It's Good To Be 'King'
Jay-Z famously retired from life as an artist in 2003 and then was named president of Def Jam, but being an MC without a platform clearly didn't suit the man born Shawn Carter.Jay-Z famously retired from life as an artist in 2003 and then was named president of Def Jam, but being an MC without a platform clearly didn't suit the man born Shawn Carter. "I believed it for two years ... (but) something, when you love it, is always tugging at you and itching, and I was putting it off and putting it off," Jay-Z told Entertainment Weekly this summer. "I started fumbling around to see if it felt good."
The result of those fumblings is "Kingdome Come," due this week. First single "Show Me What You Got" rocketed nearly 40 spots into the top 10 of the Billboard Hot 100 last week; elements of its Monaco-set video have been utilized in a high-profile Anheuser Busch commercial.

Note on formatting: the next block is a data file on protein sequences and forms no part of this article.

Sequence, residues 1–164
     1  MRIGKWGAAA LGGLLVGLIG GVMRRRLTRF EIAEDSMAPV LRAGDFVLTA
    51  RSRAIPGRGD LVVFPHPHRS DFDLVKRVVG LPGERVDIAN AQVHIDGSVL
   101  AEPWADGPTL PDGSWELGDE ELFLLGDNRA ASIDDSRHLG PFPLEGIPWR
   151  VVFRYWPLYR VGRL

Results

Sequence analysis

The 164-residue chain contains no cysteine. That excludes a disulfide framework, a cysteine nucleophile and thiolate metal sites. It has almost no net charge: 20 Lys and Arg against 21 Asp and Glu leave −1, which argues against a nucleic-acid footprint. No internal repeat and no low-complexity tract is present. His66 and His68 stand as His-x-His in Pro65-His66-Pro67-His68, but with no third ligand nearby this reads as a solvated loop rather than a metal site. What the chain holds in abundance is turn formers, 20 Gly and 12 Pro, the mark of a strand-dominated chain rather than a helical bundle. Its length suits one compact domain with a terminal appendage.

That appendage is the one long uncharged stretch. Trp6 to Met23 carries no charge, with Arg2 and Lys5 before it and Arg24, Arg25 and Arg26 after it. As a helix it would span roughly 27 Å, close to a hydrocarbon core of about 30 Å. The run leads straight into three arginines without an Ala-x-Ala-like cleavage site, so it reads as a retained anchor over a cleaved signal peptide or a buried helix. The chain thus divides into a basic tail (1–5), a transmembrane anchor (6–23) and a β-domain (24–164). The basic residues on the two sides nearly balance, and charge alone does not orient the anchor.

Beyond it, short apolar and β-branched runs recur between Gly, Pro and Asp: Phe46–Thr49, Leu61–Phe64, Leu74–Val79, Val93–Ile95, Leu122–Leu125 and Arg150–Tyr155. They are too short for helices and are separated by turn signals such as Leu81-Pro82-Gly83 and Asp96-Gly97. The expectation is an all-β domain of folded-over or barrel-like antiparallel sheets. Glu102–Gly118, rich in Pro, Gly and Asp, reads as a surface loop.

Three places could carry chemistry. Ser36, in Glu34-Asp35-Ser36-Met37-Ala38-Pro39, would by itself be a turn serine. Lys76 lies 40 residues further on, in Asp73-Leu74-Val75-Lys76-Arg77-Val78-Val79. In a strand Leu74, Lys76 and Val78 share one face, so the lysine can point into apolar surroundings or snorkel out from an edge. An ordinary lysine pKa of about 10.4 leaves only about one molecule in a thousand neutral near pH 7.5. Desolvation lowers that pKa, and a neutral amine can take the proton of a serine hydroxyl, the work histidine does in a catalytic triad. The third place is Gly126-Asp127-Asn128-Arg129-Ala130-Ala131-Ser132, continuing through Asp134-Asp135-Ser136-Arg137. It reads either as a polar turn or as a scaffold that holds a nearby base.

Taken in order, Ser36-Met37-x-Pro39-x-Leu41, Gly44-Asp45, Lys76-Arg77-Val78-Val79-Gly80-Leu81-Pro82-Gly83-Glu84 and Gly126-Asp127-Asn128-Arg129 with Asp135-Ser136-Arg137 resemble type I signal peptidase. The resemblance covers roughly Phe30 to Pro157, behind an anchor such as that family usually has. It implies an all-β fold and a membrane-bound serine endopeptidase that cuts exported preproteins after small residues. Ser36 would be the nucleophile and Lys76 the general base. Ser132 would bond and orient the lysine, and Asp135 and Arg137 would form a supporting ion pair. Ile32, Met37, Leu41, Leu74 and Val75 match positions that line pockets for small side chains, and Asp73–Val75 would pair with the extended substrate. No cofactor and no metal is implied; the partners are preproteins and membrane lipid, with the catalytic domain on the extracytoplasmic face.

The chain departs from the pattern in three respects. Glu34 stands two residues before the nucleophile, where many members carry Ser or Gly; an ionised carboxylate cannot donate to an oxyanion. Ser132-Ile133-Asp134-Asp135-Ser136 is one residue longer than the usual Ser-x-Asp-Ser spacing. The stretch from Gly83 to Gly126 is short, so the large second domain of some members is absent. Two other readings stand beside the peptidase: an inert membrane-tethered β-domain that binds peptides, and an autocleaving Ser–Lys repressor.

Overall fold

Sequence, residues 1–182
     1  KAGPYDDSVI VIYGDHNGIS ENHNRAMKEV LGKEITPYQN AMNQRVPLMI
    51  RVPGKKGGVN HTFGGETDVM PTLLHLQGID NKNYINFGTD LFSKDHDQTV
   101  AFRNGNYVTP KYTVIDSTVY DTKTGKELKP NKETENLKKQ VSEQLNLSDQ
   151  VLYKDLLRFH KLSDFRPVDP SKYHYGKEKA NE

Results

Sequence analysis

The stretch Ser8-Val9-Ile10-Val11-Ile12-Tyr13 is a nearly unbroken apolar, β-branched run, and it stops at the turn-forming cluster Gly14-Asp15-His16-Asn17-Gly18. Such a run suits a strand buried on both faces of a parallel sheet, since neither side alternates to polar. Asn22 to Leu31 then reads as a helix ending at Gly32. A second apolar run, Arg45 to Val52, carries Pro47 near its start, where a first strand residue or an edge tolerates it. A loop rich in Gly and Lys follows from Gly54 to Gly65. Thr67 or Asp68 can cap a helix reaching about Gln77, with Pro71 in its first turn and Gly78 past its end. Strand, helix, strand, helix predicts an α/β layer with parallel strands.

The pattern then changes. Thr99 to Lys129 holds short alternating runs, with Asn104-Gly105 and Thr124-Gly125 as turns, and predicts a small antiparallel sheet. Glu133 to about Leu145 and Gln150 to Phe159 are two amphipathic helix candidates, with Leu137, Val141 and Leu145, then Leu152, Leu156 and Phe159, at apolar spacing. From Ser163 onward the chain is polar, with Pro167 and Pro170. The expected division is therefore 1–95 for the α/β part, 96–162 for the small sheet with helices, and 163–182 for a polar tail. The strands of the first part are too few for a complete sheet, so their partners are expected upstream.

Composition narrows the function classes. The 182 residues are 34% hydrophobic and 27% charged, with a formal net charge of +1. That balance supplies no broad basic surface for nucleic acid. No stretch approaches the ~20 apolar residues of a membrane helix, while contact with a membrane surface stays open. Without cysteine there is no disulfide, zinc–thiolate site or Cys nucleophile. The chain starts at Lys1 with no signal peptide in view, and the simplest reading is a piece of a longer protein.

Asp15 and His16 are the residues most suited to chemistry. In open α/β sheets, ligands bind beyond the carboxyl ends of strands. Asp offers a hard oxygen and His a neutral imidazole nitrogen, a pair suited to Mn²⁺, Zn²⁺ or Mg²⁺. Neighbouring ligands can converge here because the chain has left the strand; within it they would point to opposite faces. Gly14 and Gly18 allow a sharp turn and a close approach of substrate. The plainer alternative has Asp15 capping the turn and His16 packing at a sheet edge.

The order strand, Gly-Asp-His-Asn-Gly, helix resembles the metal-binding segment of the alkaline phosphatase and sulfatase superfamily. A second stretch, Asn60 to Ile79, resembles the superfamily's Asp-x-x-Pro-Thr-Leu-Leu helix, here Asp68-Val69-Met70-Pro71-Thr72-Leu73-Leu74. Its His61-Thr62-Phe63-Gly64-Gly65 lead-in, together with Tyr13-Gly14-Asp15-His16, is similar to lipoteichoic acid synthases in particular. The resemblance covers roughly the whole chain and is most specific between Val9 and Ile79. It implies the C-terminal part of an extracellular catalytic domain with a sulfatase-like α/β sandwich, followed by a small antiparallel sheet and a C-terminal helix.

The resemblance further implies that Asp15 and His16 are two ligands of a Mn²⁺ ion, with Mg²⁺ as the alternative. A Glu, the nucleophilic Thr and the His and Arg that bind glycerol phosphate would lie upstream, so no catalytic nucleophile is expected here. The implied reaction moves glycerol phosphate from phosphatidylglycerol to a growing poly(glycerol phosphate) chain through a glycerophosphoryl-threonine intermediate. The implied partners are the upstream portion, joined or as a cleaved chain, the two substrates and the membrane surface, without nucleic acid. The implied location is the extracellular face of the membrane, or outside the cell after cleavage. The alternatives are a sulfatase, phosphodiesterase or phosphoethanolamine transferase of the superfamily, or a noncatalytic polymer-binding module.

"Kingdom Come" sports contributions from Dr. Dre, Timbaland, Kanye West, Pharrell Williams and Coldplay's Chris Martin. On the album's sparse title track, Jay references Iceberg Slim, Pimp C and Bun B while reassuring the listening public that he's back as hip-hop's savior: "The Bruce Wayne of the game / have no fear / when you need me just throw your Roc signs in the air."
Although Jay-Z's last studio effort was 2003's "The Black Album," which has sold 3.2 million copies in the United States, according to Nielsen SoundScan, the rapper has since appeared on songs by Beyonce, Kanye West, Young Jeezy and Rick Ross, among others.